Angels to extend safety netting beyond dugout at MLB’s urging

Angel Stadium will be extending the protective netting beyond the dugouts before the Angels' home opener on April 3.
(Stephen Dunn / Getty Images)

The Angels will fall into step with the rest of MLB next season by extending protective netting beyond the dugout at Angel Stadium, a team spokesman said. They will add 35 feet to each side, putting one additional section out of the path of foul balls, by the April 3 home opener in response to the league’s urging.

Commissioner Rob Manfred announced Wednesday that all 30 teams agreed to improve stadium safety after fans sustained foul ball injuries at Dodger Stadium and elsewhere last summer.

Home teams had already improved conditions. About a year after the 2018 death of a 79-year-old woman hit by a foul ball at Dodger Stadium, the Dodgers in August extended netting down the foul line by 124 feet.


The Angels will install enough netting to protect sections 109 to 127 on the stadium’s main level without obstructing the view of the Diamond Field Boxes. Netting previously covered 110-126 — the sections from the end of the first base dugout to the end of the third base dugout.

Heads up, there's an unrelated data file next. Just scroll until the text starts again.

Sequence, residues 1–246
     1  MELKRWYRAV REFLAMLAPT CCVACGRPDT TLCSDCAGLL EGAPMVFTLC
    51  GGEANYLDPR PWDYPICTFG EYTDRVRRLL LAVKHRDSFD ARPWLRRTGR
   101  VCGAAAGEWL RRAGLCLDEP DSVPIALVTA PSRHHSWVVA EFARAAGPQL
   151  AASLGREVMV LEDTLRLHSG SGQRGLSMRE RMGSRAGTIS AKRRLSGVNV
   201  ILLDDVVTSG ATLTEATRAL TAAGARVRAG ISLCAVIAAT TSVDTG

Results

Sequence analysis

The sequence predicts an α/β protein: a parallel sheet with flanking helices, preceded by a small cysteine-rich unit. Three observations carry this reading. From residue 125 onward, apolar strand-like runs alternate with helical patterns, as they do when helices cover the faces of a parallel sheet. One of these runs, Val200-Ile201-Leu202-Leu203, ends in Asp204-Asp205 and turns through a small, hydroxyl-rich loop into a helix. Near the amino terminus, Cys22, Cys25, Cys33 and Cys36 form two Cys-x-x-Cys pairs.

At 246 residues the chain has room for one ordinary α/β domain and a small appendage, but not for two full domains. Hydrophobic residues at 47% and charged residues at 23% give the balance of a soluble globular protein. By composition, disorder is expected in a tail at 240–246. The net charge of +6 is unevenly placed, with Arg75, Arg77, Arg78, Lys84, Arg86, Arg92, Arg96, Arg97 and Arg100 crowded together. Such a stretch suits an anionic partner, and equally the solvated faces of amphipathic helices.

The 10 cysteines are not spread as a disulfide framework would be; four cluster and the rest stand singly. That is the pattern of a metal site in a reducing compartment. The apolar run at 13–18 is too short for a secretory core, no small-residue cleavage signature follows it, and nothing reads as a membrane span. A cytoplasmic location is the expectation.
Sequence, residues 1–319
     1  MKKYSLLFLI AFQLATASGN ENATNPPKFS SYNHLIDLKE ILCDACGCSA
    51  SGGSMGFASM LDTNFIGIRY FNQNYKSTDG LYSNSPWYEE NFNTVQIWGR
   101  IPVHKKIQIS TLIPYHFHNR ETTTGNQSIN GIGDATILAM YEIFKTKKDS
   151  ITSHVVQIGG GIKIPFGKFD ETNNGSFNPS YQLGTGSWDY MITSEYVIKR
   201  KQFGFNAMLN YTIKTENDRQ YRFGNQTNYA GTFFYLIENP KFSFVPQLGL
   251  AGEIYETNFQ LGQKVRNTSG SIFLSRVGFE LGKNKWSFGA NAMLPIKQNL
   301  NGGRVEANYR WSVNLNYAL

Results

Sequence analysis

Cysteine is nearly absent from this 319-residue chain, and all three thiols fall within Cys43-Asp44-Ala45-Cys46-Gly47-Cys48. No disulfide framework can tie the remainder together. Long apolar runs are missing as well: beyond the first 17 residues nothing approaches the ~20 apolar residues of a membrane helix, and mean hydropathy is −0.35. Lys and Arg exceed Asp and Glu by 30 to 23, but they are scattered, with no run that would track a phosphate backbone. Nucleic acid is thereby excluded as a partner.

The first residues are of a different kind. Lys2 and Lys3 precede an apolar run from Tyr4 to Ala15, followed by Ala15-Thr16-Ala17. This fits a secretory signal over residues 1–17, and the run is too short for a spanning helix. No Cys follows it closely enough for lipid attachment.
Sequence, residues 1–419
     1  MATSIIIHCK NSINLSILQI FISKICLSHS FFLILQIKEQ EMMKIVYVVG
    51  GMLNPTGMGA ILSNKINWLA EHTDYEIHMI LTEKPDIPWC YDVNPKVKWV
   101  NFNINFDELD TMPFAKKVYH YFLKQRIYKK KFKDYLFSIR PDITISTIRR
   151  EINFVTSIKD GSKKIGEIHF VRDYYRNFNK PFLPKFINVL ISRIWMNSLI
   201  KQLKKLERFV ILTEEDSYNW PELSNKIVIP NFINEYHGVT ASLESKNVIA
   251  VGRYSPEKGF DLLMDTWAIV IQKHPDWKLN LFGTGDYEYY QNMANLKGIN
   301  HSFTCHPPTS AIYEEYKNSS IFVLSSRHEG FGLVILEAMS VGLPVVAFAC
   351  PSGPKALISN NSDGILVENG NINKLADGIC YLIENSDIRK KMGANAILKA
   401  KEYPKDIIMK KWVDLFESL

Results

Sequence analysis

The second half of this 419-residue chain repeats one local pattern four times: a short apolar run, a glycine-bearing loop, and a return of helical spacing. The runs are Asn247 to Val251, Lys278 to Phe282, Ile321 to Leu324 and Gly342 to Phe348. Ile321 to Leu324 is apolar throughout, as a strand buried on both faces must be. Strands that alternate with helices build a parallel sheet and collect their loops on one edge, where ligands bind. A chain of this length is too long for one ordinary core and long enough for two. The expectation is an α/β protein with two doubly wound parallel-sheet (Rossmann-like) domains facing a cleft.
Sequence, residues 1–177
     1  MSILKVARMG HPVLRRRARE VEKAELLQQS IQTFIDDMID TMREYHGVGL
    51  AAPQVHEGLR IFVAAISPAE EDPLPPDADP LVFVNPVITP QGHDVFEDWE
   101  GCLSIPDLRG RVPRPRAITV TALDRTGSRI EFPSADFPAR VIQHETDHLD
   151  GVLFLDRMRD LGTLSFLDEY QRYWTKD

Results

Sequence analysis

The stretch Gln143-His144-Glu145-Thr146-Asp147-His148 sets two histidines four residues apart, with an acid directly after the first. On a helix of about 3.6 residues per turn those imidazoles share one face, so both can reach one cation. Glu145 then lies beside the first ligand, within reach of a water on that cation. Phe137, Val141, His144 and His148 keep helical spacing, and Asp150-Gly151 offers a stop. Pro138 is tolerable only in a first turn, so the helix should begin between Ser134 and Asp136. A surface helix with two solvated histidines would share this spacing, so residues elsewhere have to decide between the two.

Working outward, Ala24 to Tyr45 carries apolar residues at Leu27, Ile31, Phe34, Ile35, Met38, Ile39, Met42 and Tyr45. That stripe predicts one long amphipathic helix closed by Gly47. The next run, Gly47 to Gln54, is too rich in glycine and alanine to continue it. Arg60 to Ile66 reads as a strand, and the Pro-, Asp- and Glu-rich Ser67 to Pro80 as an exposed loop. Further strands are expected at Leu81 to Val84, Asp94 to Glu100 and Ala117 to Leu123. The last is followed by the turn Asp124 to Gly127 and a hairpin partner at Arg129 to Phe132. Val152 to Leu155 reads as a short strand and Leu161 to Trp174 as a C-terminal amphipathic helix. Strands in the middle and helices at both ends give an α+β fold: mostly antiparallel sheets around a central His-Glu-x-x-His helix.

Manfred said seven teams will extend netting to the foul poles. The configuration of protective barriers for 15 other teams making changes will depend on stadium blueprints.

The Dodgers were willing to set an MLB record for Gerrit Cole, and commit more money to him than any player in franchise history.

Dec. 11, 2019

“In general, they are extending netting past the end of the dugout to the elbow in the outfield where the stands begin to angle away from the field of play,” Manfred said. “It’s very difficult to extend netting all the way to the foul pole because you need to run cables over what would be inside the field of play.”

An NBC News investigation released in October found more than 800 injury reports related to baseballs from 2012 to 2019. At Dodger Stadium last season, a girl was hit in the head by a line drive beyond the netting down the first-base line and a boy also was hit by a line drive during batting practice.